I’ve practiced mindful living before… how hard could this be?
Boy, could I not have been more wrong! In the beginning, I had imagined this week’s challenge panning out so differently than it did in reality– but I guess reality has a habit of doing that to our visions now doesn’t it?
For this week’s challenge, I attempted to cultivate inspiration through mindful living. Attempt would be a good word to describe it! Not to be hard on myself but really… what ended up happening was anything but what I had planned. What I had expected was mornings eased into through yoga and meditation, getting outside and getting in touch with and my inner dialogue while trying to make it more… eh… should I say, forgiving? (There’s a special word to describe how she usually talks to me, but I’ll save your eyes this time.)
What I did realize– however backwards and unorthodox the journey it took– really did open my mind to how I can nurture a more mindful practice in my day to to life from this point forward.
Try leaning into the discomfort instead of denying it the validity it holds in your life
“Try leaning into the discomfort instead of denying it the validity it holds in your life” my grandmother suggested from across the diner booth table. I took a moment to munch on my hash-browns and paused to truly process what she had said. It was simple, just like she had mentioned… something we all latently knew inside, we just need to hear it phrased the right way or be reminded of every now and again for it to hit us. But man did it hit me then.
Every day I was waking up trying to find a schedule that would distract me from my worries and anxieties. When I was stressed, I would leave the house and go for a walk or do a short meditation where I stopped thoughts if I heard them coming to me or go to the gym to exercise my body so I stopped focusing on my mind. And yet, whenever those activities were finished, there were my anxieties… sitting there– waiting for me. Never once did it occur to me to listen to them… to give them the time of day and acknowledge that they did hold some validity. (Even my insecurities and insecure… sheesh talk about needy!)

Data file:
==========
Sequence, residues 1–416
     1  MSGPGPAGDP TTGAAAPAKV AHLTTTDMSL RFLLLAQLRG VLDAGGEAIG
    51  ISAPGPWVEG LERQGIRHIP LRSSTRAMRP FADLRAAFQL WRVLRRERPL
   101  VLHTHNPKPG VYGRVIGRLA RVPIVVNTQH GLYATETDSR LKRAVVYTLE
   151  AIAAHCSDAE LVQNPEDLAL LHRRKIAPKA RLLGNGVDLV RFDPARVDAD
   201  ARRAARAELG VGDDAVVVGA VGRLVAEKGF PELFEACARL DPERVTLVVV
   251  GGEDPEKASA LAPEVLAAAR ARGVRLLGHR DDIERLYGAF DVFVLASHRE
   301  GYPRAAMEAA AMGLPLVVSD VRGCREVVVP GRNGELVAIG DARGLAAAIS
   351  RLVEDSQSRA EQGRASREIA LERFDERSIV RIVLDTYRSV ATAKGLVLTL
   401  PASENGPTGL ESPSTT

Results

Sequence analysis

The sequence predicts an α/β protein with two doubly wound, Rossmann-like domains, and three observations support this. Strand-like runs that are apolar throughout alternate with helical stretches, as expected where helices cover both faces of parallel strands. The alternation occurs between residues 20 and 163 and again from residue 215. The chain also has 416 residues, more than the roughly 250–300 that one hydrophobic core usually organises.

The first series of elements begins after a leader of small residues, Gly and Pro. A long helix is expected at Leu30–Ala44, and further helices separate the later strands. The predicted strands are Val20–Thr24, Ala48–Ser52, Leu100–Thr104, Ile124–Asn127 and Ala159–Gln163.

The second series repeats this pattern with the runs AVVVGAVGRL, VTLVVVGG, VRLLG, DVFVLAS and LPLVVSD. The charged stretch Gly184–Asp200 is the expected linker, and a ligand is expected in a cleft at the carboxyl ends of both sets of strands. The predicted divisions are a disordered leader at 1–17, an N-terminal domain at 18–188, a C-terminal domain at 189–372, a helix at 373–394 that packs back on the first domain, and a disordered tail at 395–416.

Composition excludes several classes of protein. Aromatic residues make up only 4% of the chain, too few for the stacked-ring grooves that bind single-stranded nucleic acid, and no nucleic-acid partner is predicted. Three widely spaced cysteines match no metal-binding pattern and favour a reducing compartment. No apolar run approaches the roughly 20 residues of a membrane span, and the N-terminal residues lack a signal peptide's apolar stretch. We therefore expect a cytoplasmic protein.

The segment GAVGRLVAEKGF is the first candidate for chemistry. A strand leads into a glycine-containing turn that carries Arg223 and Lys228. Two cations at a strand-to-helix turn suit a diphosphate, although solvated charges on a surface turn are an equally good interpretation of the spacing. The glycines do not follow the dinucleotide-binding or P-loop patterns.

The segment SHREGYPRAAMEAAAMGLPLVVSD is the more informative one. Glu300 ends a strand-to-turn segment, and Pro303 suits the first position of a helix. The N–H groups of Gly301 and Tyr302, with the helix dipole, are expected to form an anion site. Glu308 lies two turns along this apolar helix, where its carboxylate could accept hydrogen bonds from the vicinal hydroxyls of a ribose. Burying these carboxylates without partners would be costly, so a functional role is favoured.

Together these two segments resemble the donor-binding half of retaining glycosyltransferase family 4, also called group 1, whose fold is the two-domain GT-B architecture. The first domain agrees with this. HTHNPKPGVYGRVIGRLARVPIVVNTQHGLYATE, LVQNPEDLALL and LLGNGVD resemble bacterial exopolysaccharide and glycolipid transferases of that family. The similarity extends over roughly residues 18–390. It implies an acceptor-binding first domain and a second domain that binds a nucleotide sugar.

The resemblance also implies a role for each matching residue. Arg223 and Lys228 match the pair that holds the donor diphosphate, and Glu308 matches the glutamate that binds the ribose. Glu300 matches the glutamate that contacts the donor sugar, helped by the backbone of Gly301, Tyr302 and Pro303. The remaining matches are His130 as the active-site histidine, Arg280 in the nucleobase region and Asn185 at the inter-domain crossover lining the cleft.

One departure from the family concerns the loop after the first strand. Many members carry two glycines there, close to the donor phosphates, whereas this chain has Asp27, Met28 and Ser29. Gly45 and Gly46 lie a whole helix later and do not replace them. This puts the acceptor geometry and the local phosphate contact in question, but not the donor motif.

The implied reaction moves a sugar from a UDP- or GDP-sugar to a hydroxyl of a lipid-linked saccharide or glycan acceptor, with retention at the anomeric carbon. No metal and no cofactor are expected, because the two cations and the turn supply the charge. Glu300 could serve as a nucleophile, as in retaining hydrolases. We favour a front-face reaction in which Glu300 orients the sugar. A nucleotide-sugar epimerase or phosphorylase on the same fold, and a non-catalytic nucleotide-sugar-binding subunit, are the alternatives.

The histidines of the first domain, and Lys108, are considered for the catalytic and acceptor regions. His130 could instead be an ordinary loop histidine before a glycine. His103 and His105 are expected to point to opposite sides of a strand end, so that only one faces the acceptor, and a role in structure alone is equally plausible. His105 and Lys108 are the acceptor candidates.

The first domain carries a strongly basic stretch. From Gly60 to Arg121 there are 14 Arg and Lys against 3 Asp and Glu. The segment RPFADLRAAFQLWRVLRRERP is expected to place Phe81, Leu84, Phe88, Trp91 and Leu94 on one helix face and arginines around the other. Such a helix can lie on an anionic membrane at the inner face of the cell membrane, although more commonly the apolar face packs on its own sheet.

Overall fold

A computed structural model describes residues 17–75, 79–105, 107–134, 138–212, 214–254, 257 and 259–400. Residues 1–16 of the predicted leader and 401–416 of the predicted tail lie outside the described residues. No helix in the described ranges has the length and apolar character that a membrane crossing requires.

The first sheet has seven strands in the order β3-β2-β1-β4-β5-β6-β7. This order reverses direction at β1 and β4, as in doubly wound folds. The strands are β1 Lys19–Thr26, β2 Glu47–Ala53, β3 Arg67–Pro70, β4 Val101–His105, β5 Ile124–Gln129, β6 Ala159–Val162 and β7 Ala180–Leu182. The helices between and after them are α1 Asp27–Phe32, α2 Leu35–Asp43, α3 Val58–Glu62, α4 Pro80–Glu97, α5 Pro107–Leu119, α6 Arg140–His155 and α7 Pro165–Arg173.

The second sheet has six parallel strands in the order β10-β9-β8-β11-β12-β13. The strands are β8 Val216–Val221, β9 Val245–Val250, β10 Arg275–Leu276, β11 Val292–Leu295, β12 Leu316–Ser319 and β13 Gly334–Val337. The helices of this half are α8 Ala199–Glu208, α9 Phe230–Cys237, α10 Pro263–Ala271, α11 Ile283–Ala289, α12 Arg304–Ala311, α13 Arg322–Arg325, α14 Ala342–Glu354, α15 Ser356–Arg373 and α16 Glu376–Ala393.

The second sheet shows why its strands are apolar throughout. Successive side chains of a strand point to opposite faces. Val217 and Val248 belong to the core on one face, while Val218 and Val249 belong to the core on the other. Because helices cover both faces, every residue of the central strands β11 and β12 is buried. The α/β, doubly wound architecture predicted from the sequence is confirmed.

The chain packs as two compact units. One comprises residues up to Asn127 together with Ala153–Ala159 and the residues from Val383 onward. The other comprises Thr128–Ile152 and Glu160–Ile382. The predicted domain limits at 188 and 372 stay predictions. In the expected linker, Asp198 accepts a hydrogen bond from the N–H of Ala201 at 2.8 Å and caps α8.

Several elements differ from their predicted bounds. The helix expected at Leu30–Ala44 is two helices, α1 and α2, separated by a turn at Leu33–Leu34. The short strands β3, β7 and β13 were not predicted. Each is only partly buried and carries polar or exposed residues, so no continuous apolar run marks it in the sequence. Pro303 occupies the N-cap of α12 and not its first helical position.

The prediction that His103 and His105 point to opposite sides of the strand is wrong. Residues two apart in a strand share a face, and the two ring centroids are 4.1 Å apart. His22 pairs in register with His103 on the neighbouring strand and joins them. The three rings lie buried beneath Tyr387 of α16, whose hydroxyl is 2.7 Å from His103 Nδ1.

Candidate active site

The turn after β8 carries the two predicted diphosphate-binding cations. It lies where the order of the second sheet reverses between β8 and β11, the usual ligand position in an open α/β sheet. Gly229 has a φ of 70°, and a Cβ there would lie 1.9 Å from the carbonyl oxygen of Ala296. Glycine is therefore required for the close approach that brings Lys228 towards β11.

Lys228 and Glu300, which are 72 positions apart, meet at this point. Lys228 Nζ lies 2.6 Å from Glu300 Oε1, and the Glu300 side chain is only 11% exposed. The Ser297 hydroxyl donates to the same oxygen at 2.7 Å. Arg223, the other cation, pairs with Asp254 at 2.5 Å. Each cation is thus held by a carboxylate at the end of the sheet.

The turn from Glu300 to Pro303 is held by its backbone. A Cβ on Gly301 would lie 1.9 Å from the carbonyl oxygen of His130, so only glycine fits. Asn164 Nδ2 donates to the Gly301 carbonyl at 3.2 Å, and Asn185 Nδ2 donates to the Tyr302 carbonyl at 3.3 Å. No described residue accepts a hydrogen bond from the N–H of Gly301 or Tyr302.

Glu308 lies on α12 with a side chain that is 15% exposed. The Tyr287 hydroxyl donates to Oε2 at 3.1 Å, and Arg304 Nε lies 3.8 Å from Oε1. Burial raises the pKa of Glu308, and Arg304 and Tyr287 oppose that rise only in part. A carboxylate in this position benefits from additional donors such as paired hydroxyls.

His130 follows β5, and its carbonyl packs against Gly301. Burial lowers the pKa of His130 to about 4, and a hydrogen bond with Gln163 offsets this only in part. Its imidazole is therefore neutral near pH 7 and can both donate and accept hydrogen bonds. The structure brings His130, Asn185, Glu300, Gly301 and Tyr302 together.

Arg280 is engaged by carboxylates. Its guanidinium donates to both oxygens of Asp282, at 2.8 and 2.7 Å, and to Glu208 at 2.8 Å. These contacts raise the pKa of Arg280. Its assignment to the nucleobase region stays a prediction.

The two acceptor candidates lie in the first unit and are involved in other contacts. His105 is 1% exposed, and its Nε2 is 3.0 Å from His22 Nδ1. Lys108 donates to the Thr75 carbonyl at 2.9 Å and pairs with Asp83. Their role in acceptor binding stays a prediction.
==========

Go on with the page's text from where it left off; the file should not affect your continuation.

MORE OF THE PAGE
But really! Our anxieties, even when blown out of proportion, usually do hold a grain of truth and reasoning behind them. Take mine for example:
- Continuing my education– “You’ll have to go back for at least four years… and that means dealing with four years worth of American college bills and debt” (valid) “You’ve already spent three years pursuing art and now you’re switching to a different field of study? Takes a lot of time. (valid) “Oh my GOD! I’m gonna be poor and overworked until I’m forty and it’ll probably take that long to even enter my field of study! (… ok now, slow down there mind… not really valid)
- Getting a new job– “I have these dates I requested off at my old job… but now I have to tell my new boss I can’t be there all these days after just starting!? (valid… though my future boss is a human being who understands having a life)
- Balancing art commissions– (no wait… all invalid. Completely invalid. Nothing but over-perfectionism and unnecessary worry)
So really… how much is there to worry about? Way less than our minds trick us into thinking there is! And doing mindful practices the way I did this week is like having all the right shiny new tools but not having a clue in the world how to use them.
From now on, I want to live walking hand in hand with my emotions.
From now on, I want to live walking hand in hand with my emotions… to take little moments to identify what I’m feeling, acknowledge the good and the bad, and allow them to take the space they deserve– not the space my previous ways have allowed them to hold.
Although finding inner peace was a bust, I’d say this “failure” has taught me more than I could’ve asked for. With my eyes opened I’ll walk toward a brand new week.
See you next time